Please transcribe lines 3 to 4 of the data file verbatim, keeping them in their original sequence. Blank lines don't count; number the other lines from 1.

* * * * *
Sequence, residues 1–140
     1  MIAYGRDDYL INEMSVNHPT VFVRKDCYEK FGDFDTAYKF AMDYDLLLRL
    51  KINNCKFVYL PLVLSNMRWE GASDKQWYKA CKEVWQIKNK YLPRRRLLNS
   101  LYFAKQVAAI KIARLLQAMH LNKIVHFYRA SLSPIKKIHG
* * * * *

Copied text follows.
    51  KINNCKFVYL PLVLSNMRWE GASDKQWYKA CKEVWQIKNK YLPRRRLLNS
   101  LYFAKQVAAI KIARLLQAMH LNKIVHFYRA SLSPIKKIHG